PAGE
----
SCL Cluster Cookbook
Assembling a PC

·   Installing the Motherboard   ·   Installing Memory Modules   ·   Installing Disk Drives   ·   Finishing   ·   Testing   ·
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If you have purchased motherboards, memory, disks, cases, and video cards as separate components, you will have to assemble the PCs and test them fairly thoroughly. Be sure to read the manuals provided with each component and avoid doing anything that would void the warranty. If you are not familiar or comfortable working with PC hardware, be sure to read the manuals thoroughly and look through this guide before starting, or get assistance from someone with the required background.

Before touching any electronic components, attach a grounding strap to your wrist and attach the other end of the strap to a grounded piece of metal to discharge static electricity. Static electricity easily damages electronic components. Merely touching a grounded piece of metal to discharge static may be insufficient protection against damage, so use a grounding strap.
Be sure that all components are unplugged from line power before you remove covers to avoid damaging yourself!

The PC-Guide's New PC Assembly Procedure is a very good place to look for PC assembly procedures. The guide is more detailed and informative than what I have written here.

The PCBUILD mail list is devoted to questions and answers for people building their own PC computers from components.

Installing the Motherboard in the Case

Tyan Tech Support has a good set of instructions for installing a motherboard, with the exception that they completely neglect attaching all of the case's connectors for the Turbo LED, Keyboard Lock, and Reset button, so match your case's wires for these items to the appropriate connectors on the motherboard. As your motherboard may not have built-in hard disk and floppy disk controllers, you may need to skip the part about connecting your disk drives to your motherboard, but the rest of the information may apply.

Installing Memory Modules

Installing memory is fairly simple, but one must be careful to properly insert the modules in the connectors on the motherboard. Don't remove the memory from its static-resistant bags until you are ready to install each memory module. Read the guide for your motherboard to discover the order in which the memory modules must be installed. For each memory module that you are installing, carefully remove the module from its bag, then install the module into the appropriate slot on the motherboard. It is very easy to bend the holding clips, so be very gentle. No excessive force should be necessary to install the module. Be sure that the module is properly seated and level with the motherboard, and that both retaining clips on the sides of the module are fully set. Use a small mirror (like a dentist's mirror) and a flashlight if necessary.

Installing Disk Drives

Installing hard and floppy disk drives in the case seems different for every brand of case. You must put the drives in the appropriate enclosure and secure the drives with screws, but every case has its own peculiar installation method. Read the case's manual, if it has one, to figure out the particulars for your case. Be very careful not to drop the drives, force them too much, or apply any force to the printed circuit board. Also be sure to use the correct screws for the drive to avoid stripping the threads on the drive. Once the drive is physically secured in the case, connect the four-prong white power connectors to the drives (they are keyed, so they can only be attached the correct way). Finally, attach the data cables to the drives and controllers, paying special attention to keep the red stripe on the data cables oriented to pin 1 of the connectors.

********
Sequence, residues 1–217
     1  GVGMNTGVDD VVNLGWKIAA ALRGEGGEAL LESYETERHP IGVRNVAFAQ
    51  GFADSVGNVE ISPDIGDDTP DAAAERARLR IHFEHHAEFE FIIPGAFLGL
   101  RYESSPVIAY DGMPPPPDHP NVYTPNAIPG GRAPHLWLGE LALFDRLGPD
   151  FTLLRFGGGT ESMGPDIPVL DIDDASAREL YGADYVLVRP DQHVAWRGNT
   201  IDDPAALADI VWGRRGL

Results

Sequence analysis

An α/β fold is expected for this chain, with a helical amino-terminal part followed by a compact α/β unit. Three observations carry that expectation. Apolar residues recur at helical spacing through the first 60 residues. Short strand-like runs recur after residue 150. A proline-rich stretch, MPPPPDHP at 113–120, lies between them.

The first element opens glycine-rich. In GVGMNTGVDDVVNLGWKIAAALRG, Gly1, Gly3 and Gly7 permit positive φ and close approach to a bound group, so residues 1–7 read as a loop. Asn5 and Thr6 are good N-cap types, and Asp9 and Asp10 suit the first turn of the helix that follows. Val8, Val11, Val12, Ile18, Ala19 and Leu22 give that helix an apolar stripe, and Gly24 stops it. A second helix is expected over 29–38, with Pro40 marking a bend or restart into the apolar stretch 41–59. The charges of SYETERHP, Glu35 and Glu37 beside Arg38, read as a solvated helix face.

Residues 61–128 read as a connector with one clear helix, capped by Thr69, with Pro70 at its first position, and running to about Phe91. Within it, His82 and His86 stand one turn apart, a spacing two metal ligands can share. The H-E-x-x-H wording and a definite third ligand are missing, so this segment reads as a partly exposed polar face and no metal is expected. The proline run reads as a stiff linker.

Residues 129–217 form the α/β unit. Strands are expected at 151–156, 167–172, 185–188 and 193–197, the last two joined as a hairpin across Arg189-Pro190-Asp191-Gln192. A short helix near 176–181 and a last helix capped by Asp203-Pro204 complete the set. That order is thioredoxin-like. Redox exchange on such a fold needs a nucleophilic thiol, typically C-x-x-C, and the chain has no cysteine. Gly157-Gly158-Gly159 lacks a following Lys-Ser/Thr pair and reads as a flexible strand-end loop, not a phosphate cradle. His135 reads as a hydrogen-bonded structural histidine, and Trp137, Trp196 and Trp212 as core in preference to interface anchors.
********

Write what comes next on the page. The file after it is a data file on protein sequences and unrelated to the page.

Finishing

Finally, install the video card and any other cards or optional equipment. You can wait to install the network cards until you are ready to test the interconnect, or you can install them now.

Testing

A new PC, whether built yourself or by someone else, should probably be tested to make sure it works. In the past, the author has used commercial programs like CheckIT for DOS on new PCs for several days to test new systems. A quick check of the Simtel MS-DOS archive showed that there are a couple of freely-available system testing programs:

http://oak.oakland.edu/pub/simtelnet/msdos/info/pctestv1.zip
http://oak.oakland.edu/pub/simtelnet/msdos/sysinfo/drh4dose.zip

As it will be necessary to boot the computers with MS-DOS to run these testing programs, it may be useful to format the hard disks with MS-DOS. A simple MS-DOS boot disk with copies of the programs FDISK.EXE and FORMAT.COM will suffice to boot the systems. You can then run FDISK to allocate space on the disk for DOS and (after rebooting) use FORMAT C: /S to format the hard disk with DOS and make it bootable.

The author has seen systems that will occasionally "freeze" during this "burn-in" period, but then work fine after a while. So, don't be too concerned unless a system barely works at all or consistently fails after a period of a day or two of operation.


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Questions or comments? Send mail to ghelmer@scl.ameslab.gov
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Maintained by ghelmer / Last updated on 08/17/98